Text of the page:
Dandruff rests on the forests of your shoulders, brushed away like time onto the floor where it can never be collected and repurposed, or relived. I remember swinging from your paint-licked limbs when I was still small enough for you to bear my weight. There’s ash on your boots from the cigarettes I thought you’d stopped smoking. You always told me you’d spent the day walking through fires that couldn’t be extinguished, only painted into new dimensions or folded down to lesser temperatures, just enough to melt the dandruff on the shoulders of your uniform. You told me if I looked closely enough, I’d find every house was on fire and the people inside were only safe because you’d painted it away, or folded it down until it couldn’t be felt. Now your uniform gathers dust on a hanger in the wardrobe where you keep your old things, unworn, fireproof, flecked with dandruff and paint. You told me the world was burning and we could only keep it away for so long. Your tenure was over. Mine had just begun.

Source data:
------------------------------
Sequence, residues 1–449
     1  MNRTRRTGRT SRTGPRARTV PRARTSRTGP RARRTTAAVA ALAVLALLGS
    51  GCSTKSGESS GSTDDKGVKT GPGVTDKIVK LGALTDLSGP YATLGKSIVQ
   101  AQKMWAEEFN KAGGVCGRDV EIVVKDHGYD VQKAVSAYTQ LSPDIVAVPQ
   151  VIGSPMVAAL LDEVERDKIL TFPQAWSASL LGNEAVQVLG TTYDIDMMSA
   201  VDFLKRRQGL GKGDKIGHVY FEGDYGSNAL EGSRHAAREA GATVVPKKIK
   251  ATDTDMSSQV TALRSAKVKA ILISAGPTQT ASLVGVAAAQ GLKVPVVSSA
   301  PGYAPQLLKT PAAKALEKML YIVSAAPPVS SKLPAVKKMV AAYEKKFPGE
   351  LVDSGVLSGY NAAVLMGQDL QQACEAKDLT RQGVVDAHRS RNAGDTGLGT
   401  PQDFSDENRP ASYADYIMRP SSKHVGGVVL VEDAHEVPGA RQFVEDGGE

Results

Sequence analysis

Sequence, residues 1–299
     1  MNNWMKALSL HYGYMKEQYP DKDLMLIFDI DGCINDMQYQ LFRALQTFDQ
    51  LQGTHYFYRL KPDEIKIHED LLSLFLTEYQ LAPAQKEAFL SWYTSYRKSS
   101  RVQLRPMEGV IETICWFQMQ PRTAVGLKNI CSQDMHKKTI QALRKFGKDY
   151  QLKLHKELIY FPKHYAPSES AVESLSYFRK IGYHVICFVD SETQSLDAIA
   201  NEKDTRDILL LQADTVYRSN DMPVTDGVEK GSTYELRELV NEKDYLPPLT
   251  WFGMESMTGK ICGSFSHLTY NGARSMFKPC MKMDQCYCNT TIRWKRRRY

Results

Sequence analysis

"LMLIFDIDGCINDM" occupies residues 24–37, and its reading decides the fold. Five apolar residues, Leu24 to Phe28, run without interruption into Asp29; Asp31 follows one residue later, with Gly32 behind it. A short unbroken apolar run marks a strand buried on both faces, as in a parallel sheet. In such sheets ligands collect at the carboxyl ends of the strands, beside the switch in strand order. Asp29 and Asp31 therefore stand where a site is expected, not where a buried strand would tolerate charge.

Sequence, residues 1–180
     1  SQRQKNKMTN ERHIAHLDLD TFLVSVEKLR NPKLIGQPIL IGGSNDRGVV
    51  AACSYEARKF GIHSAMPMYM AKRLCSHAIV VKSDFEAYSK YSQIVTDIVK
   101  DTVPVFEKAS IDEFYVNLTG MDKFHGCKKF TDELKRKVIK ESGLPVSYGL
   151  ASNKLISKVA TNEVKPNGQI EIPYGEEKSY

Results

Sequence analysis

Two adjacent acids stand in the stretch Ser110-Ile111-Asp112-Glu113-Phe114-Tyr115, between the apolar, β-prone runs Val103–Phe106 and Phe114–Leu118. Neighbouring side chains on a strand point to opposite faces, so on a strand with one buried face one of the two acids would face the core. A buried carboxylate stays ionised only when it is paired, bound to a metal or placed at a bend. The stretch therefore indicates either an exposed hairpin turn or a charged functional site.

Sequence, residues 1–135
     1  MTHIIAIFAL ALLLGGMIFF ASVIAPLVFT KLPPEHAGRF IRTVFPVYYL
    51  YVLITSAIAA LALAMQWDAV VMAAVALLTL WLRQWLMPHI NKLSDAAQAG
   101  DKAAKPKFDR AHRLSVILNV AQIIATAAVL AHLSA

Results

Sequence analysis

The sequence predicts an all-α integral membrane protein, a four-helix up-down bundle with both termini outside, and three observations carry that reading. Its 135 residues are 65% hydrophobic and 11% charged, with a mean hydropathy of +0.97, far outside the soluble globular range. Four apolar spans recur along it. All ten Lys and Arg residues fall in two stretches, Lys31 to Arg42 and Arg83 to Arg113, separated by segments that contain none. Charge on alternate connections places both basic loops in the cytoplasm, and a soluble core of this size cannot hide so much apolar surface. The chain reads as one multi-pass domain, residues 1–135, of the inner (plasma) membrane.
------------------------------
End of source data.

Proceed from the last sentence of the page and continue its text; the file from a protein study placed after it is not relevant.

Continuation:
Ronan Fenton is an Irish writer living in Dublin. He has an MA in Creative Writing from UCD and a BFA in songwriting from BIMM. He writes fiction, non-fiction, poetry, drama and art criticism, and is querying his debut novel.